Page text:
During my internship, I worked on projects focused on CRM technologies, which naturally steered me towards that specific technology space. I started as a Salesforce Consultant at Capgemini after graduating, which enhanced my exposure to consultancy within tech. As I progressed, I found the corporate culture less appealing and began exploring other options. Funnily enough, my manager at General Electric had left to join Braze halfway through my internship, so when I came across an interesting position at Braze, I reached out to him, and he said, “Yeah, that role is great for you. I think you’ll be a good fit.” 

“The company’s innovative approach to customer engagement, integrations, and its technology stack really resonated with me.”

I’d never worked in a fast-growing organization before, so that was one of the factors that really attracted me to Braze. As I was speaking to people I knew who had joined the company, I got a good understanding of the culture, specifically the tangible impact that individuals could have and how the company encourages staff to pursue activities they’re passionate about. I was also really excited about the Braze technology. The company’s innovative approach to customer engagement, integrations, and its technology stack really resonated with me.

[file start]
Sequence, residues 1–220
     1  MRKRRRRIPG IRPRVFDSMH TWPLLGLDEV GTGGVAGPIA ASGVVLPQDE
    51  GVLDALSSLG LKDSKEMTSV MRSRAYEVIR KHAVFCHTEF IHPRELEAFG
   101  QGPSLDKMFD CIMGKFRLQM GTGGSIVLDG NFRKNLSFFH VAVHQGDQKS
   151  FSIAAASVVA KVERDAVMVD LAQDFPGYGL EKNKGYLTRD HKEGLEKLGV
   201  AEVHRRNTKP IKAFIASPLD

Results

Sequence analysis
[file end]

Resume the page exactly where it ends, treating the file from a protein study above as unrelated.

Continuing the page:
How has your career progressed at Braze?

I joined Braze as a Solutions Architect in 2019, attracted by the role’s mix of technical involvement and customer interaction. It offered the right balance, allowing me autonomy to lead projects on my own and apply the skills I have picked up in previous experiences in a great middle-ground role.

My journey within Braze has been fast and fulfilling. I started as a Solutions Architect and soon after progressed to a Senior Solutions Architect. From there, I took on the responsibility of Team Lead, where I had my first experience in people management, before moving into a managerial position. Now, as a Senior Manager, I look back on the incredible journey from being an individual contributor to leading my own team and I am grateful for the opportunity to nurture and coach team members along the way.

What are the most rewarding aspects of your job?

As a people manager, the most fulfilling part of my role is seeing my team members progress. Whether that’s from a skills perspective, where individuals are developing new skills and experiences, or through promotions and guiding them as they move into roles they’ve been working towards as part of their career ambitions.